In the industrial area, there are hopes for improving the efficiency of cooling and air conditioning by monitoring operation environments of computers and key communication equipment in data centers, and predicting failures by collecting and analyzing operating data. In the healthcare area, the data recording and analysis of blood pressure, pulse rate, and other data by wearable equipment could support day-to-day health maintenance and lead to the early discovery of diseases. In the agricultural area, monitoring the growth environment and conditions for crops with environmental sensors could lead to both cost savings, i.e., in fertilizers and heating and lighting costs, and improved crop quality overall. Increasingly higher-level sensing and even more sensors are required for these sorts of technology deployments, and the associated increased power consumption has become an issue, especially in battery-operated equipment.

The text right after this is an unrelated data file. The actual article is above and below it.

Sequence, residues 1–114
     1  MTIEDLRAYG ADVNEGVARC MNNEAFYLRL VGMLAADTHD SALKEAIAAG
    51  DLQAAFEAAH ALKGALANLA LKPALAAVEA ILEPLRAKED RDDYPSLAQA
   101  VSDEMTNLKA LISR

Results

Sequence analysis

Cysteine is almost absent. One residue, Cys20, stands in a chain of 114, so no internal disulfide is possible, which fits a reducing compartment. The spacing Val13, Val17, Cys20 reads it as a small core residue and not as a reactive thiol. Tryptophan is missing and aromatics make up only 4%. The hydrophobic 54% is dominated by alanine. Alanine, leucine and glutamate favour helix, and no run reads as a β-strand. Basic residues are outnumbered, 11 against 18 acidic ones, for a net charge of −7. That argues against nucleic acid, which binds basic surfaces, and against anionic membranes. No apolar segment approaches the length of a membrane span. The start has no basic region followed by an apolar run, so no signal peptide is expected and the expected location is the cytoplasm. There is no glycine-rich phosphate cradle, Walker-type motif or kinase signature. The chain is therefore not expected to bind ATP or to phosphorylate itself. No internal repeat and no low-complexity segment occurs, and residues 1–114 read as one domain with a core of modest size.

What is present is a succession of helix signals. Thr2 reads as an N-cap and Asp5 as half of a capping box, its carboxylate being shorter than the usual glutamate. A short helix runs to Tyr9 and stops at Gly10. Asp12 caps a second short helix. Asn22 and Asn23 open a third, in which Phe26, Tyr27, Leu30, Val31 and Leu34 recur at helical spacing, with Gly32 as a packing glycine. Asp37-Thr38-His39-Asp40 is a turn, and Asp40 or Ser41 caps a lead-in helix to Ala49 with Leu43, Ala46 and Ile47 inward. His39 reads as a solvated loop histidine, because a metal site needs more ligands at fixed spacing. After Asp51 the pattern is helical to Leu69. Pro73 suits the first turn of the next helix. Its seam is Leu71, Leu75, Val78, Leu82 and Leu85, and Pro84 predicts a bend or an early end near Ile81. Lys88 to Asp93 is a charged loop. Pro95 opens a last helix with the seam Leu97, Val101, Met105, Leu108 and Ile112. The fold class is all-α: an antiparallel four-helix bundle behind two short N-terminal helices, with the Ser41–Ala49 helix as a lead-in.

There is also a trend toward rapid prototyping and shortening development time by using for example 3D printing and other technologies, and further efforts are necessary in MCU development environments to support rapid prototyping and development.

Key features of the RL78/G11:

(1) Support for up to 13 sensors in a 24-pin package

The RL78/G11 Group of MCUs supports the industry's largest number of sensors1 in an MCU with 24 pins. The 24- and 25-pin versions of these new MCUs support 11 analog input channels and six serial communications channels. Even with the 24-pin compact package, the RL78/G11 MCUs can support signal inputs from a maximum of 13 sensors. Processing of the signal inputs from the sensors by the built-in analog functions and serial communications (reception) functions that operate even in standby mode allows low-power control, even in systems with multiple sensors.